2. public class Observable- It is basically a subject to whom observer wants to observe. So it can be sub-classed to represent an object that the application wants to have observed.
    Note- In our case Product is a subject that needs to be observed. So Product class needs to be the sub-class of Observable class.

Observable class has below useful methods-

  1. public synchronized void addObserver(Observer o)- Adds an observer to the set of observers for this object, provided that it is not the same as some observer already in the set.
    Note- The order in which notifications will be delivered to multiple observers is not specified.
  2. public synchronized void deleteObserver(Observer o)- Deletes an observer from the set of observers of this object.
  3. public synchronized void deleteObservers()- Clears the observer list so that this object no longer has any observers.
  4. public void notifyObservers()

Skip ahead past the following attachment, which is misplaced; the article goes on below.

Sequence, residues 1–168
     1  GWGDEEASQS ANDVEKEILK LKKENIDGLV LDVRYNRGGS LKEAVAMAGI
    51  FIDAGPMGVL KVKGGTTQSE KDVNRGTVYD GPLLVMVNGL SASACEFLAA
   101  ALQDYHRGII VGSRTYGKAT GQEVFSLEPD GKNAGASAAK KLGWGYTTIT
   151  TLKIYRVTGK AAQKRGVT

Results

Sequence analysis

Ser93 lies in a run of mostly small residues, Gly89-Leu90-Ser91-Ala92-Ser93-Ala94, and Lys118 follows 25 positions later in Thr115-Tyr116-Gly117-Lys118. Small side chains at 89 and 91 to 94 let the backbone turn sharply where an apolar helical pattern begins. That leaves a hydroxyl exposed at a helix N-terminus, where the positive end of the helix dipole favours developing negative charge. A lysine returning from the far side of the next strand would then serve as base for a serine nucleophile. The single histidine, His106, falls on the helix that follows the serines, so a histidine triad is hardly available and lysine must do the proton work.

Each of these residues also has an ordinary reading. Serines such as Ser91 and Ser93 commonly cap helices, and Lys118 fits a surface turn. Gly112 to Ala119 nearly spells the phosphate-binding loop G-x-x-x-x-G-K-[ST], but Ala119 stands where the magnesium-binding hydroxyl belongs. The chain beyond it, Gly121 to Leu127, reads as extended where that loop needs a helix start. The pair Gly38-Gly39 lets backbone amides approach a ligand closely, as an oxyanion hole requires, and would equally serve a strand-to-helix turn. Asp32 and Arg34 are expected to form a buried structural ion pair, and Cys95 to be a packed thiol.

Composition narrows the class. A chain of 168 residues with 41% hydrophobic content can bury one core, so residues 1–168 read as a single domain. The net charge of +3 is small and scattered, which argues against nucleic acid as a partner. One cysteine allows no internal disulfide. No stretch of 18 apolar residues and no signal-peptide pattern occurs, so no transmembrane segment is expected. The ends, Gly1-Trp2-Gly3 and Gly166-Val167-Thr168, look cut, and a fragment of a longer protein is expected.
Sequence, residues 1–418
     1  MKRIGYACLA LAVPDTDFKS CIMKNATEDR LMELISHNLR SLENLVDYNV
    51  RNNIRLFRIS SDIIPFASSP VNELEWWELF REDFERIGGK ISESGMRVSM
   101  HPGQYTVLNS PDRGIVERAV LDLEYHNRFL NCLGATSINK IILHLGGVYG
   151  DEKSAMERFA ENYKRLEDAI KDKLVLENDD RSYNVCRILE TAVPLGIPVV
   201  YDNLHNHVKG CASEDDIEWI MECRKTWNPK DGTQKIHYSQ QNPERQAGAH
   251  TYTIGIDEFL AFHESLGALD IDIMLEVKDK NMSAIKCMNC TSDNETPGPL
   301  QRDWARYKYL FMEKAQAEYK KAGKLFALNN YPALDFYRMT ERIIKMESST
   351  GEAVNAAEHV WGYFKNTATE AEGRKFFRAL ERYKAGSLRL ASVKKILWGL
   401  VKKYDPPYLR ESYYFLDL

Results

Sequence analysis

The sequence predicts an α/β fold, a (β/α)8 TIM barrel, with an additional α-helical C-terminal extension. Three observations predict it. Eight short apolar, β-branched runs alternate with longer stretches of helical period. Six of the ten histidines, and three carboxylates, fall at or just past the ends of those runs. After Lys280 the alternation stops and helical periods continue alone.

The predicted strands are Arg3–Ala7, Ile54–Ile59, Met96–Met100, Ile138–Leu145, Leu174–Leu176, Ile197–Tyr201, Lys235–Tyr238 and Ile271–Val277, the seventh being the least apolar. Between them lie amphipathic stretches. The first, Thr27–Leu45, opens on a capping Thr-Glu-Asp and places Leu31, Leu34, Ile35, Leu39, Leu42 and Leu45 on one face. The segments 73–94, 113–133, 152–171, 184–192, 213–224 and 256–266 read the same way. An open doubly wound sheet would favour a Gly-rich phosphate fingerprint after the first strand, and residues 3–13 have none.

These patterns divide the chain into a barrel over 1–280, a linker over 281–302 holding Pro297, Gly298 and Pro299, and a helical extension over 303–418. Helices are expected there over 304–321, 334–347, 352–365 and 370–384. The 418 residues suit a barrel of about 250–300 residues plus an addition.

5. public void notifyObservers(Object arg) – If this object has changed, as indicated by the hasChanged() method, then notify all of its observers and then call the clearChanged() method to indicate that this object has no longer changed.
    Note- Each observer has its update() method called with two arguments.
  6. protected synchronized void setChanged()- Marks this Observable object as having been changed; the hasChanged() method will now return true.
  7. protected synchronized void clearChanged()- Indicates that this object has no longer changed, or that it has already notified all of its observers of its most recent change.